UPDATED 15 April | The US Department of Defense on Friday announced it is sending a small number of US Air Force F-35s to Europe ‘as part of a long-planned training deployment’. The jets are to arrive this weekend and will most likely head to Lakenheath airbase in the UK, with Spangdahlem airbase in Germany as a secondary option.
Update 15 april | Six F-35s arrived at Lakenheath in the UK
at 1:45 pm local time, supported by two KC-135 tankers. Video of their arrival is below.
The F-35s – indications are eight jets are involved – will be part of the US Air Force’s 388th Fighter Wing at Hill Air Force Base, Utah. In August 2016, the wing was the first to reach Initial Operational Capability (IOC) on the new jet. A deployment to Europe was mentioned on several occasions before, but the Pentagon never said when this would actually happen.
In a surprise move and repeating last year’s visit to Germany, US Air Force Lockheed Martin F-22 Raptors are seen in European skies again. Four jets arrived at Lakenheath airbase in the UK in the afternoon of Monday 11 April. The jets are here to conduct training with other Europe-based aircraft, said the US Air Force in a statement.
The advanced jets are deployed from the 95th Fighter Squadron at Tyndall Air Force Base in Florida. They will continue training until May. In 2015, the first official deployment to Europe took place as four aircraft flew to Spangdahlem in Germany. They remained there for four weeks of flying in the European theater, venturing close to Russia while doing so.
The arrival of the Raptors in the UK comes as a surprise. Upon landing, their visit was first linked with a planned visit of F-22s later this month in France. On 20 April, the US Air Force’s most potent fighter aircraft is scheduled to participate in the 80th anniversary of French Air Force Escadron de Chasse (EC) 2/4, flying Mirages at Istres-Le Tubé airbase in southern France. It remains unclear of the aircraft expected in France, are the same jets now deployed to the UK.
The US last week also deployed F-15 Eagles to Europe. They take part in exercise Frisian Flag in the Netherlands, about which an inside report will appear here at Airheadsfly.com very soon. The F-15s will stay in Europe for six months as part of a Theater Security Package.
The F-22 however is a seldom seen sight in Europe. Raptors have on rare occasions used the UK and Spain as stop overs to destinations elsewhere.
The United States Air Force (USAF) announced today, 6 November, that the 56th and 57th Rescue Squadrons from RAF Lakenheath, UK are relocating to Aviano Air Base, Italy starting in 2017.
These squadrons of aircraft, aircrew, Guardian Angel Weapons Systems and support personnel will relocate to Aviano Air Base starting in fiscal year 2017. This includes five HH-60 Pave Hawk helicopters and approximately 350 personnel in an effort to establish an enduring Personnel Recovery location within Europe.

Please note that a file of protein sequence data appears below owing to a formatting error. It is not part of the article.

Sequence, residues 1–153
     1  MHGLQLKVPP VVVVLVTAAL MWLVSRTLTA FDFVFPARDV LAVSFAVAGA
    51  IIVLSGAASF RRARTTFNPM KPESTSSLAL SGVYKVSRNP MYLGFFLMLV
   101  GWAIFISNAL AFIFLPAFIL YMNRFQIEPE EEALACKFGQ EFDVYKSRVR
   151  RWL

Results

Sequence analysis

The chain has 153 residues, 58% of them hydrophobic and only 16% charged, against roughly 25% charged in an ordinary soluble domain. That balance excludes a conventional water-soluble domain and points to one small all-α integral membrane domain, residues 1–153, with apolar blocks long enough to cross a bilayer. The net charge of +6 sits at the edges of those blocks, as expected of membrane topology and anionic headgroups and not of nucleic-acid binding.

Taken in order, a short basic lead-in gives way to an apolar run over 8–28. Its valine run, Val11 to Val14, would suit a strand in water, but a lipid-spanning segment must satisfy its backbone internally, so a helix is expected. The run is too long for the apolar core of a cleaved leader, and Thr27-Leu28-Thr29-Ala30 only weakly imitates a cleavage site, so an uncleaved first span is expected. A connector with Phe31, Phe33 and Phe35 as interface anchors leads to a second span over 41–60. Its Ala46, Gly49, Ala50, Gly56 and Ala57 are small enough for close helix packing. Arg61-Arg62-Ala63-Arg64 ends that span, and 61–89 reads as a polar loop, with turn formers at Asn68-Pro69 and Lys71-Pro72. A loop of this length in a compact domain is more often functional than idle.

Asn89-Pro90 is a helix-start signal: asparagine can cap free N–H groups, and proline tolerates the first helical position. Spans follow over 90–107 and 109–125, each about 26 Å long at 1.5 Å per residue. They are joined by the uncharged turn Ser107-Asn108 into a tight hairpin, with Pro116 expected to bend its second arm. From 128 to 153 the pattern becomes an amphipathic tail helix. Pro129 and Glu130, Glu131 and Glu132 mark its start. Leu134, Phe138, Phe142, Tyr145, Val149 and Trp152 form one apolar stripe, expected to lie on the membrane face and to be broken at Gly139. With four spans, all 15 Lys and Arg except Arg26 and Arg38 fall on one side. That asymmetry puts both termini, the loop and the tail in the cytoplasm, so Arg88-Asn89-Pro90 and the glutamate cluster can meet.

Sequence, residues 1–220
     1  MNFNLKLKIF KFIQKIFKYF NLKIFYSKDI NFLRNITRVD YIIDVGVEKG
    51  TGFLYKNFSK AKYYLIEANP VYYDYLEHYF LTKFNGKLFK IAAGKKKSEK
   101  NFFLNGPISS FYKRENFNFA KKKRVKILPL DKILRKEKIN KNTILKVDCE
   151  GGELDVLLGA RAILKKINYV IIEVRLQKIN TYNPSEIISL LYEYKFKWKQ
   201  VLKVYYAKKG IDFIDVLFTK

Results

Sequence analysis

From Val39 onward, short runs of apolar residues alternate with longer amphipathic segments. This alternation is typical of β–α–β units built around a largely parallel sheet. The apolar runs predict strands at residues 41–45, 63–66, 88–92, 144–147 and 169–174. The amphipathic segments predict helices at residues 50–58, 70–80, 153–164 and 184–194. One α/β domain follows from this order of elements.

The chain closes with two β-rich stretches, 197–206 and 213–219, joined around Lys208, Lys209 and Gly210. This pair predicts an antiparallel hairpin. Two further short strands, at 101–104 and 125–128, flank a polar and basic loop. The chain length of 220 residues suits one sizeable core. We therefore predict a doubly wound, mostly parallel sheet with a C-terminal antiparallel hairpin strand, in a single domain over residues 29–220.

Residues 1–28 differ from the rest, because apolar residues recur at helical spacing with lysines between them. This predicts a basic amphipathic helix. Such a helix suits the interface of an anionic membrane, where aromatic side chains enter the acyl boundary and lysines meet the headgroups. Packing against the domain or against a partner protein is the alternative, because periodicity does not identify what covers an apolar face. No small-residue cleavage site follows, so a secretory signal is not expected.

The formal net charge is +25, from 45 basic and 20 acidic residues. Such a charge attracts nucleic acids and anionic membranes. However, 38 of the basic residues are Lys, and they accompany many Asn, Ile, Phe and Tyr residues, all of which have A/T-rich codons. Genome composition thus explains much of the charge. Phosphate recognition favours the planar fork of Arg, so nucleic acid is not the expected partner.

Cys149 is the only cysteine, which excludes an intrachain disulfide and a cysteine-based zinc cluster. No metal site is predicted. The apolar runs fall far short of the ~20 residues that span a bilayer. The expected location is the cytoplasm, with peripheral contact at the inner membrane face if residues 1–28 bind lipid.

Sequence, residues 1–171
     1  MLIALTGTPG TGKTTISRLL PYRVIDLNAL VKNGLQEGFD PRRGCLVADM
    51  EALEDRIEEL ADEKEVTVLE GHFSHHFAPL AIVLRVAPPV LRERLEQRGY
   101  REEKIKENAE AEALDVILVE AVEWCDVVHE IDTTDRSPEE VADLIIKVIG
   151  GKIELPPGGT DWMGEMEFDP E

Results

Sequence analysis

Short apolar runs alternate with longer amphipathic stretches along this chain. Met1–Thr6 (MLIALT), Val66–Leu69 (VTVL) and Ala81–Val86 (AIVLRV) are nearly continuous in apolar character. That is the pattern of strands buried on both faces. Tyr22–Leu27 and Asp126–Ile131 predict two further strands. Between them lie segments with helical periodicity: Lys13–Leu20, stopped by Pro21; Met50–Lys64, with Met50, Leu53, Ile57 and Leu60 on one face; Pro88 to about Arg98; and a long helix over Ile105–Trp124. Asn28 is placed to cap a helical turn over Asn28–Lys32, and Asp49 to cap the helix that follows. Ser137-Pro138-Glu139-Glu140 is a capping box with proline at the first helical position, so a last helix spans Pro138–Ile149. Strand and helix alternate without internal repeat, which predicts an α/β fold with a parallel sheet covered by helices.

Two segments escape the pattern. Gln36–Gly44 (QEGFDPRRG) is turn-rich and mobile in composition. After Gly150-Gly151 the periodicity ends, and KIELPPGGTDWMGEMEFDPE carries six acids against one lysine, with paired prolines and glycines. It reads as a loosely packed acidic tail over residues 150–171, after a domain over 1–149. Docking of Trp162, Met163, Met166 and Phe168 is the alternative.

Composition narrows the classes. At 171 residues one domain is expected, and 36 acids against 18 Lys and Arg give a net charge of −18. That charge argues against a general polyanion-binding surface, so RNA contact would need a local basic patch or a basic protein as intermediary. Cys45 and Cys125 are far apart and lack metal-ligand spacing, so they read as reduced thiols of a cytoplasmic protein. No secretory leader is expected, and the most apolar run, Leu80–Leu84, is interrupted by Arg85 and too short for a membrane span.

“This relocation of our rescue airmen places them in a more strategic location to respond across Africa, Europe, and Southwest Asia,” said Gen. Frank Gorenc, U.S. Air Forces in Europe and Air Forces Africa commander. “We always take a serious, pragmatic look at how we can most effectively meet our commitments and guarantee the shared security of the United States and our allies and partners.”
The move is expected to take two to three years to complete.
During the European Infrastructure Consolidation review, programmers found excess capacity at Aviano. Part of the additional space was designated for the 56th and 57th RQSs, who deploy around the world to recover personnel from the most difficult and hostile conditions imaginable.
Construction decisions and transition milestones for the relocation will take place over the next several years.
A United States Marine Corps (USMC) F-18 Hornet crashed in the United Kingdom near Lakenheath air force base on Wednesday 21 October, authorities confirmed. The pilot was killed in the crash. Along with a number of other Hornets, the aircraft had just departed Lakenheath at the start of a trans atlantic flight back to the US.
The aircraft came down at 10.30 hrs local time on uninhabited farmland six miles northwest of Lakenheath. The cause is under investigation. According to US officials, it is unknown if the pilot ejected.
The Hornet belonged to Marine Attack Fighter Squadron (VMFA) 232 ‘Red devils’ and was heading home to Marine Corps Air Station Miramar, CA. The aircraft had arrived at Lakenheath from Bahrain the day before. Following the crash, five more Hornets diverted to RAF Lossiemouth in Scotland.
Lakenheath is used as a transit airfield by US forces every once in a while. The base is home to US Air Force F-15s.
In what can be considered a fact after a remark by US air force secretary Deborah James in the Pentagon, US F-22 Raptor fighter jets are preparing to deploy to Europe. The move is aimed at showing Russia that the US is concerned about Moscow’s increased military activities over the last few years, especially those in Ukraine. The arrivel is planned for Friday 28 August, flying directly from Tyndall Air Force Base, Florida.
No time, date or specific destination were mentioned for the F-22, the aircraft that saw its combat debut only last year during the start of operations against IS over Syria. The state-of the-art Raptor did deploy to Japan a few times already as a show of force to North Korea.
If the F-22s indeed fly to Europe, likely hosts are RAF Lakenheath in the UK or Spangdahlem airbase in Germany. The latter hosted a batch of US Air Force A-10 attack aircraft earlier this year.